Private: Coffee Makers Can’t Dodge California Cancer Warning, Judge Says
Featured, Health

Coffee Makers Can’t Dodge California Cancer Warning, Judge Says

A California state judge in Los Angeles issued a tentative ruling in a lawsuit brought against dozens of companies, including Starbucks Corp., Target Corp., 7-Eleven Inc. and Whole Foods Market for their alleged failure to comply with the state’s required warnings.

The companies failed to persuade the judge that “sound considerations of public health” support an exemption from California’s Proposition 65 warning for the chemical acrylamide in coffee.

“Defendants’ proffered evidence that coffee itself confers some benefit to human health was not persuasive,” Superior Court Judge Elihu Berle said in his ruling Wednesday.

The coffee producers and retailers have until April 10 to file objections to the judge’s proposed ruling. Some of the coffee retailers have already settled the lawsuit and agreed to post warnings in their stores.

Read More

Also Read: NASA goes deep in Mars

Scientists figured out how to make an IPA without the hops
Featured, Food

Scientists figured out how to make an IPA without the hops

Beer wouldn’t be possible without the fabulous fungus that is yeast, which converts sugars into alcohol through fermentation. Scientists from the University of California-Berkeley have figured out how to make the microbe do double duty and add hoppy flavors to a lab-made pale ale that didn’t include any actual hops in the recipe.

Two (presumably beer-loving) scientists first isolated the various oils naturally produced by hops, the flowers of the Humulus lupulus plant, which gives hoppy beer its bitter flavor. Then, they sought out other plants that naturally produce these same oils, and isolated the genes responsible. Once those genes were isolated, the scientists used them to genetically modify the DNA of brewer’s yeast so that the fungi would produce the same bitter oils. After a number of trial brews, they found that genes from a mint and basil worked best when spliced into a strain of brewer’s yeast.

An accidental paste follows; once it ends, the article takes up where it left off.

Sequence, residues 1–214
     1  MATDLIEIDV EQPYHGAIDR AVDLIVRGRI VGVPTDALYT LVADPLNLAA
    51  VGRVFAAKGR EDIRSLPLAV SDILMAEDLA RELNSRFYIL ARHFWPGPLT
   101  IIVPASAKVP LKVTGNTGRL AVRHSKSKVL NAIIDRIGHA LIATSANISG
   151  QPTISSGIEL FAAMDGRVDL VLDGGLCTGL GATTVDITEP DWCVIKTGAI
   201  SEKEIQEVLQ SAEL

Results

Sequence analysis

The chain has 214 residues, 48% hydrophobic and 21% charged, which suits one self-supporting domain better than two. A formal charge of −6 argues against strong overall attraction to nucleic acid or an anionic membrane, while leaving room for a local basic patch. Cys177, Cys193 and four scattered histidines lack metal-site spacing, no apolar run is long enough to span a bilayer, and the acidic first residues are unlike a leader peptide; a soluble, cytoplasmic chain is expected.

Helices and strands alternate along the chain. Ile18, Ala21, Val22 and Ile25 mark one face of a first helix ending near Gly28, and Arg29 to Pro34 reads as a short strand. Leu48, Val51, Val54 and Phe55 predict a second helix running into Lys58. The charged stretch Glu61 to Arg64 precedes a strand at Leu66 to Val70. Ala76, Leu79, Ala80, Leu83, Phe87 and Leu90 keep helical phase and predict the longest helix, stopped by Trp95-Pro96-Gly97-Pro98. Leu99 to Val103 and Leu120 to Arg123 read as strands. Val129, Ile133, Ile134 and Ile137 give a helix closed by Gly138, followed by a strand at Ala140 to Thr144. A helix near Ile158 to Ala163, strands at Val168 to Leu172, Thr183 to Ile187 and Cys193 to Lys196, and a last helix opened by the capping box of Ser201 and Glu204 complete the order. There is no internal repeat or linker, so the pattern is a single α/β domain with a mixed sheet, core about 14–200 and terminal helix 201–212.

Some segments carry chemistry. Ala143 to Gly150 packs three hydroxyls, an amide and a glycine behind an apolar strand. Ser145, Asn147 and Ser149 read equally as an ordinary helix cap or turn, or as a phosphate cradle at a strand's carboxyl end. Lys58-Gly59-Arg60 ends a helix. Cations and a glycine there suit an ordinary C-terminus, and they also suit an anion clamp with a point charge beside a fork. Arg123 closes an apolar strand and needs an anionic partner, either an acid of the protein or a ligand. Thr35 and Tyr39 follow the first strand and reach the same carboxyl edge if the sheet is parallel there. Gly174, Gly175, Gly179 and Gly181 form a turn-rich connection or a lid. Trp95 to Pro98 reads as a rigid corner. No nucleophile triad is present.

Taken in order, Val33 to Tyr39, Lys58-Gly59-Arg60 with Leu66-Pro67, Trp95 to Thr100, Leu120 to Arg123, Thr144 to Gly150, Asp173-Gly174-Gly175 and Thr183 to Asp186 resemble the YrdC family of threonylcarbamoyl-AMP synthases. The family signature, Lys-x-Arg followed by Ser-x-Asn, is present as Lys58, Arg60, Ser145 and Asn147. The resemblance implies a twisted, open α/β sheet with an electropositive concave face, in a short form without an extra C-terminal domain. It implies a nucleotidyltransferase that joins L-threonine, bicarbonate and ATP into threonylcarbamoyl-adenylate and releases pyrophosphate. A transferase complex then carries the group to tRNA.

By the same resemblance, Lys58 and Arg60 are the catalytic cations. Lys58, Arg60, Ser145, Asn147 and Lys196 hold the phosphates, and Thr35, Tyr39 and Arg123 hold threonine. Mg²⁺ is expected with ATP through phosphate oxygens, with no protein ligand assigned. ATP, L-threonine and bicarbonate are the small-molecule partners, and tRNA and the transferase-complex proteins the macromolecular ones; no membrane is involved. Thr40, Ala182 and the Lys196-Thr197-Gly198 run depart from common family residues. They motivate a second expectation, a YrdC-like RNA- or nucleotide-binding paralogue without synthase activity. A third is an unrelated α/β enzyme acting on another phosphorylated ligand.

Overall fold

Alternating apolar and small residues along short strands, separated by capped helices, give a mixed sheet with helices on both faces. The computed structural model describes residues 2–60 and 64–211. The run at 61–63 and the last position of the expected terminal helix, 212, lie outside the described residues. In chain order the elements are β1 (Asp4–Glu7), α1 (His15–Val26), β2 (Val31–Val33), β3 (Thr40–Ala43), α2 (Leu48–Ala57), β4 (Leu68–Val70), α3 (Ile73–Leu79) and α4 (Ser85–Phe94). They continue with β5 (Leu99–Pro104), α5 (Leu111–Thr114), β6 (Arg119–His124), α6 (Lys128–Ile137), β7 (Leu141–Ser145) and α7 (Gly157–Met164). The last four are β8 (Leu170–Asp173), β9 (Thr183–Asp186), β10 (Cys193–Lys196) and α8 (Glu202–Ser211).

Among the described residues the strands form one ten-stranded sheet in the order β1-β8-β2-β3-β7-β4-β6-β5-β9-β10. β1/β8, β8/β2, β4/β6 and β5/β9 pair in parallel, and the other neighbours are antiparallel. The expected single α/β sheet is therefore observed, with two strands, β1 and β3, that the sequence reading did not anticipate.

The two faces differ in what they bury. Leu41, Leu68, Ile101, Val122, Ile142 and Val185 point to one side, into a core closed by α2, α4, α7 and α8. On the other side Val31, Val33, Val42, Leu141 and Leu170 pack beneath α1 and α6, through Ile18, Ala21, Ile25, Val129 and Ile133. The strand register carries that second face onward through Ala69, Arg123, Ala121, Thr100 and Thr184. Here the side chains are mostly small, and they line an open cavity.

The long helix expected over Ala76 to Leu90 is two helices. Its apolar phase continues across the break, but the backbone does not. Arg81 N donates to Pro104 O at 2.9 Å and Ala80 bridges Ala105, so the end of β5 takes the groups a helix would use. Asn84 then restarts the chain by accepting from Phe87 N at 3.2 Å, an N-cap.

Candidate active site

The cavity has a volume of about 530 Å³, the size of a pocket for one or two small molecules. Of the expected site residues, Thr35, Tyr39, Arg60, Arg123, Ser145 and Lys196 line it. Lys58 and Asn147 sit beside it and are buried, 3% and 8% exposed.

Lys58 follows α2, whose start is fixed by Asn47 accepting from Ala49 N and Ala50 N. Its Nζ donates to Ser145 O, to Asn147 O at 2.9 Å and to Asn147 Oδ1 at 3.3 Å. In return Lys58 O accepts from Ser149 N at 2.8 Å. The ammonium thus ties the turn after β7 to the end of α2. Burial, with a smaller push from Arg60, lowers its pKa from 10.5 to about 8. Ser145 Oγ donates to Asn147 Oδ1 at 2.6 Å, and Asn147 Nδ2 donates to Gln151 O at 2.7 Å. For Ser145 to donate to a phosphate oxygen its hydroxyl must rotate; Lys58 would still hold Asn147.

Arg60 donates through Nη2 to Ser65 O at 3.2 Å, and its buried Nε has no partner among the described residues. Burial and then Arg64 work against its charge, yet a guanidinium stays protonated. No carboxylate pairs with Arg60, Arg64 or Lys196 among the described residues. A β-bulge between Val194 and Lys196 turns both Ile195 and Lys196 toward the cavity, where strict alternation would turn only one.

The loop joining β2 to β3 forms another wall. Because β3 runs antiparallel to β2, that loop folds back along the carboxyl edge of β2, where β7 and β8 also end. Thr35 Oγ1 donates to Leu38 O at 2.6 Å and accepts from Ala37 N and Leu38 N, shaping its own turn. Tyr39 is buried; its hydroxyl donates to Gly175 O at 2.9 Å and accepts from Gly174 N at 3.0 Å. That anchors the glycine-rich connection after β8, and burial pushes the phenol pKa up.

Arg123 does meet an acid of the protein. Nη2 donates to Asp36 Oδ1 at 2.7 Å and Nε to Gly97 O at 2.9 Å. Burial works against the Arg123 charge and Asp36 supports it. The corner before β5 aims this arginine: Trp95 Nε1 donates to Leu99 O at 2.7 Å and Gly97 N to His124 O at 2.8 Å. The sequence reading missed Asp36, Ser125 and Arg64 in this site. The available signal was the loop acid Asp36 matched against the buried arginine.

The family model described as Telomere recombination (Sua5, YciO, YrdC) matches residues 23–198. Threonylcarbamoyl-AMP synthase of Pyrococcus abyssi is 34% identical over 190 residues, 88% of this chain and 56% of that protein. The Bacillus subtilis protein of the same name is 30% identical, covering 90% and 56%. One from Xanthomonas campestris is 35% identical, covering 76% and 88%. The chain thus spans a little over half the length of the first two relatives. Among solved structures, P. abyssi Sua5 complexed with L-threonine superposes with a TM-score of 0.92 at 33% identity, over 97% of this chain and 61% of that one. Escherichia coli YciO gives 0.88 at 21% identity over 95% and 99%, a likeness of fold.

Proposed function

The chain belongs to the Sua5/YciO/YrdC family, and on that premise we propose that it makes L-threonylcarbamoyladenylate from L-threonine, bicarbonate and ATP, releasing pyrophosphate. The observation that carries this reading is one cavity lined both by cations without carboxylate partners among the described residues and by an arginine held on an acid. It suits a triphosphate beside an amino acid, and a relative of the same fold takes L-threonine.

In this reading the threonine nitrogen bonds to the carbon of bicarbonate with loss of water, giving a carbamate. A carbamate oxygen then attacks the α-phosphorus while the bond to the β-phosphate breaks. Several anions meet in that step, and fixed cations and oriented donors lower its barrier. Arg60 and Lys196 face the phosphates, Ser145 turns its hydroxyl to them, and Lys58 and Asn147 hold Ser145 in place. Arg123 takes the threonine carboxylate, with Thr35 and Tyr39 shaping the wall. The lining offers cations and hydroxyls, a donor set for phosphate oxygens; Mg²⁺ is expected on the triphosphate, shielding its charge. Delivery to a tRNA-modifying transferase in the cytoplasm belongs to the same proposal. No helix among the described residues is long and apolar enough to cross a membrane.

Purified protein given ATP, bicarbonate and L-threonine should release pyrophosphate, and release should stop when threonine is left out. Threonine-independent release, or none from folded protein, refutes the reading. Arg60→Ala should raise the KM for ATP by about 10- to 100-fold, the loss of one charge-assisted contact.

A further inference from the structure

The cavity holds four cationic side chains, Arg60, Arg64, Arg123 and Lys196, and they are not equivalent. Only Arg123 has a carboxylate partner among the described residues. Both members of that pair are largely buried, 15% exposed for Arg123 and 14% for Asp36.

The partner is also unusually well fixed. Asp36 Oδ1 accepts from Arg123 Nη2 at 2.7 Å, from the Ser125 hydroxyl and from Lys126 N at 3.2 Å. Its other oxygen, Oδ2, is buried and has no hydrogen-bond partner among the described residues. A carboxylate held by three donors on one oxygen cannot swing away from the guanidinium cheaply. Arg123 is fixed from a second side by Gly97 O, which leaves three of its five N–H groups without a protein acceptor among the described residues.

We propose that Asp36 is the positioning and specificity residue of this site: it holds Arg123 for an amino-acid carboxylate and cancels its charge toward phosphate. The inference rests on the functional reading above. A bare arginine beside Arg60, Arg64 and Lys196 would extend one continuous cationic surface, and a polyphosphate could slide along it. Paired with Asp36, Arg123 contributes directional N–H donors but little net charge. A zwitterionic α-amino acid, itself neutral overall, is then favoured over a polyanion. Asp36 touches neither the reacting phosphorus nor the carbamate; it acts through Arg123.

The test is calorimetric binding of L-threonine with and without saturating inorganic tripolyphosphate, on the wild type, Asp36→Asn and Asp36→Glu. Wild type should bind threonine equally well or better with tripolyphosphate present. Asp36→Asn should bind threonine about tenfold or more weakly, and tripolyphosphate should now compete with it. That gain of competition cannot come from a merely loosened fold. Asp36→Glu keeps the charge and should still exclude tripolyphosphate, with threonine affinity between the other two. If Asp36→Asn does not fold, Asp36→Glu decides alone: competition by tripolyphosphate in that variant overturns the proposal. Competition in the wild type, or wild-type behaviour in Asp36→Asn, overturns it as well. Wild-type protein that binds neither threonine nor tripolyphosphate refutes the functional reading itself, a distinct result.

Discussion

In a double-blind taste test of two batches of the final hop-free pale ale compared to a regularly brewed pale ale, tasters found the hop-free beer to have more of the style’s characteristically bitter flavors.

The researchers write in their paper, published today (March 20) in Nature Communications, that once further developed, this technology could streamline the IPA brewing process for commercial breweries to allow them to keep up with growing demand.

The most famous pale ales are IPAs, or India pale ales, which have existed since the 1780s. Brits needed to figure out how to make their favorite brews last what was then a six-month journey to India, where it was far too hot to make beer using the methods of the time. George Hodgson, a brewer conveniently located near the ports in England, figured out that he could add hops to the starchy, sugary, warm mixture called “wort” that forms the base of beer. During fermentation, yeast feeds on the sugars in the wort, creating alcohol as a byproduct, and voila: beer. The hops in the mix act like a preservative. The result was a more bitter beverage that would age instead of spoil during its voyage across the sea.

Now there’s no need to add hops as a preservative, but IPAs are hugely popular for their distinctive taste, and demand is growing. In 2017, they made up a quarter of US craft-beer sales, which meant in a decade, demand for IPAs basically tripled in the country, the world’s largest beer market.

The genetically altered yeast help make more homogenous batches of all this IPA. Brewing beer is a finicky business; flavors depend on the exact type of yeast, wort, hops, and even the temperatures and durations of the fermenting process. Charles Denby, a bioengineer and co-author of the study, told Inside Science that even minuscule genetic differences in hops across a single farm can produce different tastes in beer—and there are over 30 varieties of the plant. Although some may view these taste distinctions as parts of a unique craft variety, having a yeast that can produce a specific hoppy flavor may lead to superior production for brewers going for consistency.

Read More

Also Read: US kids draw female scientists more than ever

runner
Featured, Health

10 Tips for Running in the Morning

Want to begin your day with a jog, but don’t know where to start? Try these tips for the beginners and get closer to a healthy lifestyle.

 

[os-widget path=”/maryna_bond/10-tips-for-running-in-the-morning” of=”perceptron” comments=”false”]

 

What Kind Of Foodie Are You?

From true gourmets to adventurous free spirits, find your spot on the foodie scale.

[os-widget path=”/rsacks/what-kind-of-foodie-are-you” of=”perceptron” comments=”false”]

Private: Doctors find very large air pocket where part of man’s brain should be
Featured, Health

Doctors find very large air pocket where part of man’s brain should be

The 84-year-old man arrived in the emergency room with complaints that weren’t uncommon for a patient his age.

He had reported feeling unsteady over the past several months, culminating in repeated falls in recent weeks. In the three days leading up to his hospital visit, his left arm and leg had noticeably weakened.